The Use of GPS to Validate NWP Systems: The HIRLAM Model

L. Cucurull Institut d’Estudis Espacials de Catalunya, Barcelona, Spain

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B. Navascues Instituto Nacional de Meteorología, Madrid, Spain

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G. Ruffini Institut d’Estudis Espacials de Catalunya, Barcelona, Spain

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P. Elósegui Institut d’Estudis Espacials de Catalunya, Barcelona, Spain, and Harvard–Smithsonian Center for Astrophysics, Cambridge, Massachusetts

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A. Rius Institut d’Estudis Espacials de Catalunya, Barcelona, Spain

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J. Vilà Institut d’Estudis Espacials de Catalunya, Barcelona, Spain

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Abstract

A meteorological synoptic situation using Global Positioning System (GPS) observations and a numerical weather prediction (NWP) model in the vicinity of the Madrid Sierra, Spain, between 2 and 15 December 1996 has been studied. The experiment was characterized by high precipitable water (PW) values associated to rainfall events. The PW was estimated at the level of 1 mm with five GPS receivers to study the passage of a winter frontal system. The GPS network had baselines ranging from 5 to 50 km. These observations have been used to study the spatial and temporal variations of PW.

For this same location and time period, PW calculations were carried out by HIRLAM (High-Resolution Limited Area Modeling), the hydrostatic NWP system operational at the Spanish National Weather Service. HIRLAM has been run in two modes: analysis (HIRLAM/A) and forecast (HIRLAM/F).

The comparison of PW values obtained using GPS and high-resolution HIRLAM/A shows a PW bias of −0.4 mm (GPS-derived PW higher), and a root-mean-square (rms) difference of 2 mm (relative agreement of 85%), which is in agreement with the standard deviation of each method. A similar comparison between GPS and the high-resolution HIRLAM/F results in a bias and rms that increase when extending the forecast range up to a bias of −1.2 mm and an rms of 3 mm (relative agreement of 78%) for the longest forecast range studied, which is 24 h.

Radiosonde profiles from a location near one of the sites of the GPS network have also been used to estimate PW. The PW bias and rms that result from comparing this data to the previous two methods are −1 and 1.6 mm (relative agreement of 88%) between GPS and radiosondes, and −1.2 and 1.3 mm (relative agreement of 90%) between radiosonde and HIRLAM/A.

The PW estimated from GPS is probed to be an accurate measurement to validate NWP models. The study also shows that GPS measurements can detect small-scale fluctuations and therefore can be used to evaluate NWP models with finer resolution.

Corresponding author address: Dr. Lidia Cucurull, Institut d’Estudis Espacials de Catalunya, Edif. Nexus-204, Gran Capita 2-4, 08034 Barcelona, Spain.

Email: cucurull@ieec.fcr.es

Abstract

A meteorological synoptic situation using Global Positioning System (GPS) observations and a numerical weather prediction (NWP) model in the vicinity of the Madrid Sierra, Spain, between 2 and 15 December 1996 has been studied. The experiment was characterized by high precipitable water (PW) values associated to rainfall events. The PW was estimated at the level of 1 mm with five GPS receivers to study the passage of a winter frontal system. The GPS network had baselines ranging from 5 to 50 km. These observations have been used to study the spatial and temporal variations of PW.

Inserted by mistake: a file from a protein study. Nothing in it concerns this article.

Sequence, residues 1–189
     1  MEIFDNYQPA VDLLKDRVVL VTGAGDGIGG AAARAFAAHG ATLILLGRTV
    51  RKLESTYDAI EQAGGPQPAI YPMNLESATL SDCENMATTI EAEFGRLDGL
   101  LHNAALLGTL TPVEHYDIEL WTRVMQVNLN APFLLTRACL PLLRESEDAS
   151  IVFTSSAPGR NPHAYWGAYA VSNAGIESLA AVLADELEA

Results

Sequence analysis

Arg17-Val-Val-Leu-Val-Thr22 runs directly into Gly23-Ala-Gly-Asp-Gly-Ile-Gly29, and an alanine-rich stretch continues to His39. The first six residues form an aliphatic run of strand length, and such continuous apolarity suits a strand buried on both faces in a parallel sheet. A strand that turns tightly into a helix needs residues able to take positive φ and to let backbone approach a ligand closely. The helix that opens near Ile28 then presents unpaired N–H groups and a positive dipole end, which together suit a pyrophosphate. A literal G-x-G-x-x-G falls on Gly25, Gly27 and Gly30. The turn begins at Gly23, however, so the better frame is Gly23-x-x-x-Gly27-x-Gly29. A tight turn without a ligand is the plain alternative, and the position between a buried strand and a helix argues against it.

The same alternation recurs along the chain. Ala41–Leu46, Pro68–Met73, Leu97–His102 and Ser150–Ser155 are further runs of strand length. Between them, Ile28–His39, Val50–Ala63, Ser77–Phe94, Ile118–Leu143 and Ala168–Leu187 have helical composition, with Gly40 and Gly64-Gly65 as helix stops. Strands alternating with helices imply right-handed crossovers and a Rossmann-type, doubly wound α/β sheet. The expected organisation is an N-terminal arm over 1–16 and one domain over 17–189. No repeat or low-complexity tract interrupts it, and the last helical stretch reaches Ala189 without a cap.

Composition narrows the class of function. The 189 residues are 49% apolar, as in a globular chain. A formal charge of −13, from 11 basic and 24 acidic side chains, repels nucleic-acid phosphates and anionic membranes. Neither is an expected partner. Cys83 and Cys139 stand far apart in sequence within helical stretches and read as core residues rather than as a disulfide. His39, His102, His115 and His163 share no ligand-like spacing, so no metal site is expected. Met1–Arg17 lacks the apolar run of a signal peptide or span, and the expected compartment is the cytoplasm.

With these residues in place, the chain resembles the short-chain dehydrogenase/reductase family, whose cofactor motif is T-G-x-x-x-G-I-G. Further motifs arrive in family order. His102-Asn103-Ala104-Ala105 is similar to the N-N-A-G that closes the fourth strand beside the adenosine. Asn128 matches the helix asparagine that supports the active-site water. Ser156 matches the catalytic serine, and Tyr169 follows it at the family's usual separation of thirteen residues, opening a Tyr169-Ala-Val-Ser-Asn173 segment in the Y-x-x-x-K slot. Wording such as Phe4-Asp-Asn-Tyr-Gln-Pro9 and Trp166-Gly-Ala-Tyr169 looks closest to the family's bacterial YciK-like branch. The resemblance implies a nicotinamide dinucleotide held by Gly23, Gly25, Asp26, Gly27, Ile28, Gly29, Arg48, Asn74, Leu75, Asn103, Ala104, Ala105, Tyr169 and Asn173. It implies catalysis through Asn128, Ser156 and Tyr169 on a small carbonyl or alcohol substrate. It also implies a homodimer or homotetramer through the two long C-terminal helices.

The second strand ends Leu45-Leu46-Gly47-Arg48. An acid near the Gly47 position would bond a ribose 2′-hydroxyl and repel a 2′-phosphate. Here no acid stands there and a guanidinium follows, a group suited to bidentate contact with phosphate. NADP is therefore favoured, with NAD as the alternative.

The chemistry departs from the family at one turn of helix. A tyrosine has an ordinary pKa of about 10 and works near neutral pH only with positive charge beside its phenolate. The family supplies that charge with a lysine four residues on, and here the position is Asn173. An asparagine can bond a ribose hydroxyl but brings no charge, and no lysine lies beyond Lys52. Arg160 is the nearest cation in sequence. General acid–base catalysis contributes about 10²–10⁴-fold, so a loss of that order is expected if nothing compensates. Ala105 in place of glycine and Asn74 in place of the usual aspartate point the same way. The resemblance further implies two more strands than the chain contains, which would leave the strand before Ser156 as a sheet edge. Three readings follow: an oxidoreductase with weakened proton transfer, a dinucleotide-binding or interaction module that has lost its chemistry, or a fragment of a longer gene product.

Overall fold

For this same location and time period, PW calculations were carried out by HIRLAM (High-Resolution Limited Area Modeling), the hydrostatic NWP system operational at the Spanish National Weather Service. HIRLAM has been run in two modes: analysis (HIRLAM/A) and forecast (HIRLAM/F).

The comparison of PW values obtained using GPS and high-resolution HIRLAM/A shows a PW bias of −0.4 mm (GPS-derived PW higher), and a root-mean-square (rms) difference of 2 mm (relative agreement of 85%), which is in agreement with the standard deviation of each method. A similar comparison between GPS and the high-resolution HIRLAM/F results in a bias and rms that increase when extending the forecast range up to a bias of −1.2 mm and an rms of 3 mm (relative agreement of 78%) for the longest forecast range studied, which is 24 h.

Radiosonde profiles from a location near one of the sites of the GPS network have also been used to estimate PW. The PW bias and rms that result from comparing this data to the previous two methods are −1 and 1.6 mm (relative agreement of 88%) between GPS and radiosondes, and −1.2 and 1.3 mm (relative agreement of 90%) between radiosonde and HIRLAM/A.

The PW estimated from GPS is probed to be an accurate measurement to validate NWP models. The study also shows that GPS measurements can detect small-scale fluctuations and therefore can be used to evaluate NWP models with finer resolution.

Corresponding author address: Dr. Lidia Cucurull, Institut d’Estudis Espacials de Catalunya, Edif. Nexus-204, Gran Capita 2-4, 08034 Barcelona, Spain.

Email: cucurull@ieec.fcr.es

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